Researchers at Cyberark have discovered a vulnerability in Microsoft Teams’ image handling that allows an attacker to steal authentication cookies and take over user accounts. To exploit the vulnerability, an attacker needs to be in a Teams meeting with the targeted user and send a gif hosted on an attacker-controlled server in the meeting chat. The recipient does not have to take any action—simply viewing the image in the chat window is enough to steal the authentication token and take over the account. Due to the way Microsoft handles images hosted on the domain teams.microsoft.com or any subdomain under teams.microsoft.com, hackers could perform a subdomain takeover for either of two mis-configured subdomains and begin receiving Skype and Teams authentication tokens when Teams sends them to the server to access the images.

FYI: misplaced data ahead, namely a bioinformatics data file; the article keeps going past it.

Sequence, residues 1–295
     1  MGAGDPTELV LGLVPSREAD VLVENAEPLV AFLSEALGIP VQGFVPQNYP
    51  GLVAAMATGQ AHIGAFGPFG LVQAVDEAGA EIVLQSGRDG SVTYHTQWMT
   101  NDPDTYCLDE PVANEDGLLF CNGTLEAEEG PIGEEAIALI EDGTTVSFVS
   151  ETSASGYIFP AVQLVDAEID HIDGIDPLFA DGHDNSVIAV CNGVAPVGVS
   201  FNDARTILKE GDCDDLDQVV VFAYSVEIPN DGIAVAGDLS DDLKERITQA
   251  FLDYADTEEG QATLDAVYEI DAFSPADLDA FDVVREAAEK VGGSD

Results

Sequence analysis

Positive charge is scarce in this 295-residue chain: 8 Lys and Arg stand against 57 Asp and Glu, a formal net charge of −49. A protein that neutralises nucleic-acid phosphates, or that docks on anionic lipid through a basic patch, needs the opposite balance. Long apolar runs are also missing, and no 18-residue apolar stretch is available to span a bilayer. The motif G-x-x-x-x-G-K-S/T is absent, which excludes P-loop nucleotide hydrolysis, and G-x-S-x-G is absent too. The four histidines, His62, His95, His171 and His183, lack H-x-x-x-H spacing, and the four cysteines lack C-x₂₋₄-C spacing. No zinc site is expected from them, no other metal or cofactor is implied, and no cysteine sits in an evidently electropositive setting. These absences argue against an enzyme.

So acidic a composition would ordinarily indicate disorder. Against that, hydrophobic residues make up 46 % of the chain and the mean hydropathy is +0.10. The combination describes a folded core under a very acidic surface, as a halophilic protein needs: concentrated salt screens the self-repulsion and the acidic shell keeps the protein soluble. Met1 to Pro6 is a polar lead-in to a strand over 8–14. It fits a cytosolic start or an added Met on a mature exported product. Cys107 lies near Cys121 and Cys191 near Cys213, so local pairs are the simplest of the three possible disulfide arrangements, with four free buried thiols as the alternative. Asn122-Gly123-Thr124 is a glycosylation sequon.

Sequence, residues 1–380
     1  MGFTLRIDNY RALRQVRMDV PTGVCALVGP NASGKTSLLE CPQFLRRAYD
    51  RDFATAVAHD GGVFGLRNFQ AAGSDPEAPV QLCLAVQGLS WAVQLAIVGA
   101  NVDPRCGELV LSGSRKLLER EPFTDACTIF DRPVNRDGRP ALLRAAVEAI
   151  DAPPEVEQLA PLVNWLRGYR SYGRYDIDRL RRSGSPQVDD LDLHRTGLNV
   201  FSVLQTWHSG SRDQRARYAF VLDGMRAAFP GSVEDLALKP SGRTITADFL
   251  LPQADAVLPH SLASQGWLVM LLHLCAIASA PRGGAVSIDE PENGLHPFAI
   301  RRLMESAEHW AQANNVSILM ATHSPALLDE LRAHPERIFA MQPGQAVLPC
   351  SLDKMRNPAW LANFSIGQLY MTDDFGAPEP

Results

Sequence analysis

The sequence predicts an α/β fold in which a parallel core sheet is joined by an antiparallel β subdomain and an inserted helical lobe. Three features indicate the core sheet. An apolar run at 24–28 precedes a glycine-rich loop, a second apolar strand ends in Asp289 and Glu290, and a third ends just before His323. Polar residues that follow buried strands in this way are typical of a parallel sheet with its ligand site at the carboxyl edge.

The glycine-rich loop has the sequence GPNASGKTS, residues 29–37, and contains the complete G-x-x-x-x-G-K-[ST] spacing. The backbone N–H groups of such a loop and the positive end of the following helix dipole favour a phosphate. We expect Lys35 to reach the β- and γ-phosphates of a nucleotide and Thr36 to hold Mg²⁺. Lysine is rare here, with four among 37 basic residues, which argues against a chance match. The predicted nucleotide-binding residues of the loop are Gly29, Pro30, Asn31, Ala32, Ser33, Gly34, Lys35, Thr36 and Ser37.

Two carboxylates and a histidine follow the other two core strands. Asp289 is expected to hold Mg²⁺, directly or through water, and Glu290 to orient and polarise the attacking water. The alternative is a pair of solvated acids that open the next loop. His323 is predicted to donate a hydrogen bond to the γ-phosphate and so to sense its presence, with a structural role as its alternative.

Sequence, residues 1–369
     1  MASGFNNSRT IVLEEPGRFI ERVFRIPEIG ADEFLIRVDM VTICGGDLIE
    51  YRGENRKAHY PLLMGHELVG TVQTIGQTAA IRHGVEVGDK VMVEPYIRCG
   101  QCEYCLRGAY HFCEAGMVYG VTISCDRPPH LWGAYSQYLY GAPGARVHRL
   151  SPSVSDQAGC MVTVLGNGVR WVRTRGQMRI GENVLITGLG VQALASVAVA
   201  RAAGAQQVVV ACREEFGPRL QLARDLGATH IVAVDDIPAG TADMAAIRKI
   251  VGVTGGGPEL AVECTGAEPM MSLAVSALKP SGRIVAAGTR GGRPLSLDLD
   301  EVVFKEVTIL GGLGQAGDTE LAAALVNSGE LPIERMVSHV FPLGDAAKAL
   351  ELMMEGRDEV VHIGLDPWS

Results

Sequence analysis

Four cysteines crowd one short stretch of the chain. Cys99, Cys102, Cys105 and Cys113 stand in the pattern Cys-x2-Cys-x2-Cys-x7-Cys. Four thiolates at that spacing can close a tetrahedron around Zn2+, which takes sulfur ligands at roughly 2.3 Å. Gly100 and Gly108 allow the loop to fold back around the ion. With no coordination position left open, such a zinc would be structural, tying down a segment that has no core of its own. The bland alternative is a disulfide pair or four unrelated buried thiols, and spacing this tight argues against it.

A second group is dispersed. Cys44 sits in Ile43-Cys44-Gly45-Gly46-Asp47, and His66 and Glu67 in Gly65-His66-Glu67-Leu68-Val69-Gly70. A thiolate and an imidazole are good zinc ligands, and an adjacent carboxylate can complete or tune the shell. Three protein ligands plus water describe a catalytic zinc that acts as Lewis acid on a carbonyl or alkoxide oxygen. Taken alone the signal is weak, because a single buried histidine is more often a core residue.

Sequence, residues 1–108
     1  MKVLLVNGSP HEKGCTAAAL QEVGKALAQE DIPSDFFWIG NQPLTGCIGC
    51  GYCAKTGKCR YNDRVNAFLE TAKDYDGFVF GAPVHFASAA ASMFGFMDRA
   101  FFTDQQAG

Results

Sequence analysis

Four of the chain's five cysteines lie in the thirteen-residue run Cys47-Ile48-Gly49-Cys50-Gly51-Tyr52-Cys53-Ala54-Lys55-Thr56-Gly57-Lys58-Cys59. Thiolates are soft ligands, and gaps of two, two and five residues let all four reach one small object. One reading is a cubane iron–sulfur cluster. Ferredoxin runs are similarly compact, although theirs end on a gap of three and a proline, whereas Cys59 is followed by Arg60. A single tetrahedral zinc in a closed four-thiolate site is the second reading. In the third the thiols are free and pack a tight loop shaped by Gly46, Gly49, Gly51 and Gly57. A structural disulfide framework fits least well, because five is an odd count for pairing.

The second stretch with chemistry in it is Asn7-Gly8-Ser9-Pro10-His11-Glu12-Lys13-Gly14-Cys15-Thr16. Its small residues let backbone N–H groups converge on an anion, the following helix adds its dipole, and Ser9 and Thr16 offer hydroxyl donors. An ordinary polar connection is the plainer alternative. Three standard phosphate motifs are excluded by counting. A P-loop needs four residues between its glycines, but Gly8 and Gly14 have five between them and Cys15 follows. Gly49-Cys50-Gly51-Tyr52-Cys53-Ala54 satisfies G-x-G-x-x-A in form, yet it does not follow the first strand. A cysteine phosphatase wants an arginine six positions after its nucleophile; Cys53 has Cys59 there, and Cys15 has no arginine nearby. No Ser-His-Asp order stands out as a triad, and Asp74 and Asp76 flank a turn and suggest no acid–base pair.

The team at Cyberark found the following domains had been vulnerable to subdomain takeovers:
Businesses and individuals who use Microsoft Teams should upgrade client software to the latest version available from Microsoft and be cautious about joining Teams meetings with unknown or untrusted people. Before releasing this report, the team at Cyberark reported this vulnerability to Microsoft and Microsoft issued the following fixes:
• Corrected misconfigured DNS records
• Issued a patch
To read more details about this vulnerability, please see: https://www.cyberark.com/threat-research-blog/beware-of-the-gif-account-takeover-vulnerability-in-microsoft-teams/